A Look at the Shingle Style of American Architecture
Austin Patterson Disston Architects shares a classic example of a Shingle-style house on Rhode Island’s shores.
“The Shingle style is as American as the buffalo nickel,” says Austin Patterson Disston Architects partner McKee “Mac” Patterson. “It was born on the East Coast, parented by the Queen Anne movement of the 1870s and the Colonial Revival Style, which flourished briefly during that period.” Though the Shingle style enjoyed a comparatively short period of popularity (1880–1910), many of its key features are incorporated into houses of today—including this one, located atop the highest ground in Watch Hill, R.I., with views of Fishers Island Sound and the Atlantic Ocean. Most commonly seen along coastal New England, Shingle houses typically belonged to the well-heeled. Today, Shingle-inspired architecture has migrated to cover more of the country, land-locked areas included.
Said to have been fathered by William Ralph Emerson and popularized by firms such as McKim, Mead and White and Peabody and Stearns, the Shingle style evolved from a renewed interest in the 17th-century homes of the Massachusetts Bay Colony. Architects began incorporating the broad overhanging gables, diamond-paned windows, and split-shingle siding of their forebears.
Described as “a complex shape enclosed in a smooth surface,” the massing of Shingle houses was a distinct departure from previous styles—and at the same time a loose combination of three styles. The Queen Anne influence is evidenced in the wide porches with plain supports, shingled surfaces, and asymmetrical facades, while gambrel roofs, classical columns, and Palladian windows speak of the Colonial Revival. And the commonly seen arches and lower stories built of stone are owed to the Richardsonian Romanesque tradition. The vast majority of Shingle houses emphasized horizontal planes, complex rooflines with multilevel eaves, diverse structural elements, and of course, shingle cladding, which worked to unify seemingly disparate forms.
“What is important to note about Shingle style is the continuous and almost seamless skin of shingles these houses wear,” notes Mac. “The shingles allow the surfaces of the structure to sweep and bow, undulate and move.” The adoption of natural-toned shakes—which were sometimes dipped in buttermilk and dried to get the desired weathered look—was a strategy for lending a house an aged appearance, which in turn, helped nestle it into the seaside landscape.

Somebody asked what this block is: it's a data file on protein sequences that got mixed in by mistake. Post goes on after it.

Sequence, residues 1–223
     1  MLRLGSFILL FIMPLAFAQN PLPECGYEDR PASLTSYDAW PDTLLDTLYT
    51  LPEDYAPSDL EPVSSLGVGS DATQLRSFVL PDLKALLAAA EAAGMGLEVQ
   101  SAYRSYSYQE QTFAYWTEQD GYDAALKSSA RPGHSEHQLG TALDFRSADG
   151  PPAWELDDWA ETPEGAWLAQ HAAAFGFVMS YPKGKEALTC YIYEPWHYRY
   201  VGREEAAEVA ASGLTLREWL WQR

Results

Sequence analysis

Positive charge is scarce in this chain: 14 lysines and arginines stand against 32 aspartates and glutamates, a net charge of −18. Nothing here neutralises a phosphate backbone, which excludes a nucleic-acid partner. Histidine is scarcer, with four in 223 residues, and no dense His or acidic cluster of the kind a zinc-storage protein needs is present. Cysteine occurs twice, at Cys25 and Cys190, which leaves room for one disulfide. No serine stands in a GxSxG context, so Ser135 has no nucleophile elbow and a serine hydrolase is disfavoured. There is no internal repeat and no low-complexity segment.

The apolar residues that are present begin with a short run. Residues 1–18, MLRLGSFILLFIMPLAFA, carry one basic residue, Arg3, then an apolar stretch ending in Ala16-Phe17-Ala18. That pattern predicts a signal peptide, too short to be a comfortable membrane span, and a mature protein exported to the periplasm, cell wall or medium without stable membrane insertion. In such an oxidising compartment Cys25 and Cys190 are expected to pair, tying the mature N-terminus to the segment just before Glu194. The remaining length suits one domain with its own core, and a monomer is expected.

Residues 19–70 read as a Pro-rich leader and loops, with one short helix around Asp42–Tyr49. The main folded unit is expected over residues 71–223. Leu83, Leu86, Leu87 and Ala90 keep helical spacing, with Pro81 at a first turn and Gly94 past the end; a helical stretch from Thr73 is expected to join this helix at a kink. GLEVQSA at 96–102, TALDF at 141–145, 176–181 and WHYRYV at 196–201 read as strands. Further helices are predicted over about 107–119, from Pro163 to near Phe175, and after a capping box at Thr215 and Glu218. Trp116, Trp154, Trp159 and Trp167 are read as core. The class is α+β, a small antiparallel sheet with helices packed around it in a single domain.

In fact, the style was antithetical to Classical architecture’s symmetry and formality. It is said to have introduced an “organicism,” which significantly impacted the floor plans. Gone were the days of rooms arranged on either side of a central hall. Instead, inglenooks, corner fireplaces, and staggered flights of stairs created a kind of a random organization of rooms, which lent the house a more casual feel. “The particular charm of a Shingle-style house is its structural openness and focus on function rather than formality,” says Mac. “They are amorphous and therefore very accommodating to informal gatherings and a casual lifestyle.” He notes the style’s penchant for bay windows for sitting, an extended living space for games, and porches for taking in fresh air. (To see additional images of the interiors, click on the slideshow link below.)
Photos by Anthony Crisafulli, courtesy of Austin Patterson Disston Architects
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Check out the Slideshow below to see more photos!
In general, the house was designed to emulate Shingle-style interior detailing, though contemporary touches include book and magazine racks in the kitchen, which itself is elongated to accommodate the family room, breakfast room, and screened porch.
As the existing house had good ceiling height, some rooms were not altered because they were well-proportioned. The most significant change was to lay out the house on the main floor to work for a modern lifestyle.
The front entry to the residence was the only way in from the driveway, the beach, and Watch Hill village. This necessitated that the boot room be located there with adequate area to meet-and-greet.